Paper No. 290-2
Presentation Time: 9:00 AM-6:30 PM
HIGH-THROUGHPUT SEMI-3D IMAGING OF MACROINVERTEBRATES: A TEST CASE USING NORTHEASTERN PACIFIC PATELLOGASTROPODS
For many questions related to body size and shape evolution, a single exemplar measurement is used to represent a species' average state. This approach is taken due to the difficulty and extremely time-intensive nature of measuring size and shape in assemblages using traditional methods, but necessarily ignores intraspecific variation in time and space. Here we showcase a new method, high-throughput imaging, that allows large scale measurement of entire assemblages, collected to reconsider latitudinal gradients in molluscan body size distributions. This type of imaging allows for the conversion of imaged specimens into data that can then be used for morphometric analysis. It is highly useful for projects requiring large numbers of specimens, as a single image can contain hundreds of individuals, and the total image processing time is much less than would be required for manual extraction of size data. Our automated image processing software (Automorph) was designed for use with microfossils; we tested its applicability to macroinvertebrates using recent patellogastropods from the collections of the University of California Museum of Paleontology (UCMP). We focused on the northeastern Pacific coast (Baja California to Alaska), as this region includes strong environmental and climatic gradients and has been subject to intensive study and collecting.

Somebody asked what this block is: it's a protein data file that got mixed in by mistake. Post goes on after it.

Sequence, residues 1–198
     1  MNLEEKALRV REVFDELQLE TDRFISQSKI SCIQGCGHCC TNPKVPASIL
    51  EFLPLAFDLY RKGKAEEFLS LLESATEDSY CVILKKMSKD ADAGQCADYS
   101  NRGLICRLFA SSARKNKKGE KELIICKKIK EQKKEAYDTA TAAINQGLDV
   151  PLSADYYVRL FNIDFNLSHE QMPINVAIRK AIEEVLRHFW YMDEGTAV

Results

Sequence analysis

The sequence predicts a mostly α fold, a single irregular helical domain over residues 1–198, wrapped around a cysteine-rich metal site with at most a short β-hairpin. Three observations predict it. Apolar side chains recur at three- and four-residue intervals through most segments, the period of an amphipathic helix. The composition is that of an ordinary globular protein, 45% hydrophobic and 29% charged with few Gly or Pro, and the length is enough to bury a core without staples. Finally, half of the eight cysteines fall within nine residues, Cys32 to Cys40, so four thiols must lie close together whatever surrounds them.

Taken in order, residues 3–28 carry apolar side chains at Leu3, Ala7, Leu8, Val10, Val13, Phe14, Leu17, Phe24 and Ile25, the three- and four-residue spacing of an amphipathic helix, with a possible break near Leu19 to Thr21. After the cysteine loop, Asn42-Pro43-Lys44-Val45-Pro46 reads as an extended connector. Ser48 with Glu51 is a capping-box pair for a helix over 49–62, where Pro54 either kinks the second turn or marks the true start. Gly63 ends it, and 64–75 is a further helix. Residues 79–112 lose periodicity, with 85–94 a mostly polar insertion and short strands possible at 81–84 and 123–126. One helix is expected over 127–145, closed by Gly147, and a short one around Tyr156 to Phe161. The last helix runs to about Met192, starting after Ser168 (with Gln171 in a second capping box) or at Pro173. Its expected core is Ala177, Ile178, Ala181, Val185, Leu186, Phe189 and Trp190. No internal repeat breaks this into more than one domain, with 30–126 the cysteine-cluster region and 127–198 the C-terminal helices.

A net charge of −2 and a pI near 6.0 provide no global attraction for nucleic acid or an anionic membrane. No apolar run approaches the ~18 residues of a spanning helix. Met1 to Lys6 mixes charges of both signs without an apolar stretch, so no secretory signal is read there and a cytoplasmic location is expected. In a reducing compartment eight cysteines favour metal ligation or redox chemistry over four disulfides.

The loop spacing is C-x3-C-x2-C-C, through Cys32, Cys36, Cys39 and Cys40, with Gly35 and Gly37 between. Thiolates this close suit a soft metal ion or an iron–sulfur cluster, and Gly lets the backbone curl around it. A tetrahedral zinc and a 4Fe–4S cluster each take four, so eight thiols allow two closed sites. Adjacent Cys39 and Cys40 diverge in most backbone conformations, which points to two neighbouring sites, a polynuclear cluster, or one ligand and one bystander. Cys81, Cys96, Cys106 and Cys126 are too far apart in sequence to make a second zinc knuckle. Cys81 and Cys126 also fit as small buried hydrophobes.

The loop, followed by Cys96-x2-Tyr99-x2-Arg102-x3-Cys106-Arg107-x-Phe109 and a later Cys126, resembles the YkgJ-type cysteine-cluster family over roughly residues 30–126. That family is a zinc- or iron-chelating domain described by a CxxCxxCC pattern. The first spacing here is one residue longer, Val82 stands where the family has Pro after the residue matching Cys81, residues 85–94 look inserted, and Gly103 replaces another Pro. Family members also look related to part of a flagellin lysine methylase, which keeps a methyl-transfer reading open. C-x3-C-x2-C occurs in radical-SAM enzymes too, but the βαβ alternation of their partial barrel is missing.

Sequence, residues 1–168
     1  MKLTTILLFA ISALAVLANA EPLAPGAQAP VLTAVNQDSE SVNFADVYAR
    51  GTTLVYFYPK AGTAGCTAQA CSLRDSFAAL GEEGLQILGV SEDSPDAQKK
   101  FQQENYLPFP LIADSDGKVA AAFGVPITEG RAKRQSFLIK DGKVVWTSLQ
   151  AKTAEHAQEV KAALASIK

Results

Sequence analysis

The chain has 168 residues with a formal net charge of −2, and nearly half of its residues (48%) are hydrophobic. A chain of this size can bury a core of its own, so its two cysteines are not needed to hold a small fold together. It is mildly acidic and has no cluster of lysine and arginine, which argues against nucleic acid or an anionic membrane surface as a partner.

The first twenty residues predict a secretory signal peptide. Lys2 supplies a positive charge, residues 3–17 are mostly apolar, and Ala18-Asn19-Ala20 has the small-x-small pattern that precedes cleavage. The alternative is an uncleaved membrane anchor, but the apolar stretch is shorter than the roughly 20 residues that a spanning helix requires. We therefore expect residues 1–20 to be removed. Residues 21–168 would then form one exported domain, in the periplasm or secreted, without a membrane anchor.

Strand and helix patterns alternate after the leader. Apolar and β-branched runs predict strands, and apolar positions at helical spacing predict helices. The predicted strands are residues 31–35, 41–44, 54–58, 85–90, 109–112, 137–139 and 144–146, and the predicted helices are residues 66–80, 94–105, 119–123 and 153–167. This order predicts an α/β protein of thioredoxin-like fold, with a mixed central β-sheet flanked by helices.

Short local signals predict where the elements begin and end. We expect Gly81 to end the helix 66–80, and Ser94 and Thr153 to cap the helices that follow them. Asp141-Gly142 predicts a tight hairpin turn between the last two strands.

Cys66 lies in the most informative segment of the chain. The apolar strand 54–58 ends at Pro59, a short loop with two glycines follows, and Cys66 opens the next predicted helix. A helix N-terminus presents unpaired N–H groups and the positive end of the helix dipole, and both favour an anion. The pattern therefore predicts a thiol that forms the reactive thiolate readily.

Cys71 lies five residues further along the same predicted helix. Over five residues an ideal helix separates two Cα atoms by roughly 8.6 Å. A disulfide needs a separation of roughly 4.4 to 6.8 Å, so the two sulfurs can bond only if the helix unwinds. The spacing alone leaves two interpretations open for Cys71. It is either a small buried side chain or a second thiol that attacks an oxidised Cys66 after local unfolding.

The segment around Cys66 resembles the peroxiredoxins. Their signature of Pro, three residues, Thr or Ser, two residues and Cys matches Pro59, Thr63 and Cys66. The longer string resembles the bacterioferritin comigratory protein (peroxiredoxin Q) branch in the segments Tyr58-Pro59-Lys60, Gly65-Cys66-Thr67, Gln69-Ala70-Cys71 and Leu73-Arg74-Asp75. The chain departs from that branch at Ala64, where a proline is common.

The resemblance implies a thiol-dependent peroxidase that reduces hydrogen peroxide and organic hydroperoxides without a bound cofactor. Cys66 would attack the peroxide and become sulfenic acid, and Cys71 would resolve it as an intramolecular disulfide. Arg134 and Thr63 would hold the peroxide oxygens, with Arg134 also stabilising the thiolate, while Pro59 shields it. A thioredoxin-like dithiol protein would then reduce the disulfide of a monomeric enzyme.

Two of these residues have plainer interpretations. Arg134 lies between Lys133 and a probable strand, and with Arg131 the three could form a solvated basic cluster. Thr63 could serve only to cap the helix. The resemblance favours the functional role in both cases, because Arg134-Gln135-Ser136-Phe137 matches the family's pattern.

In six weeks we imaged over 1400 lots of specimens, ranging in size from a single specimen to several hundred, from ~430 locations. During processing, lots are segmented into images of individual specimens, and each is assigned locality data. Simple morphometric data such as length, width, height, perimeter, and volume are extracted algorithmically. Because specimen information is attached to each image, they can later be used for additional morphometric analyses. We will use data generated from this pilot study to assess both recent and Pleistocene size frequency distributions and size and shape gradients along the northeastern Pacific coast. All images will ultimately be uploaded to UCMP servers and made available for further study. High-throughput morphometric processing can vastly increase the amount of data that can feasibly be gathered, expanding the potential scope and resolution of investigations of body size and morphometric gradients in space and time.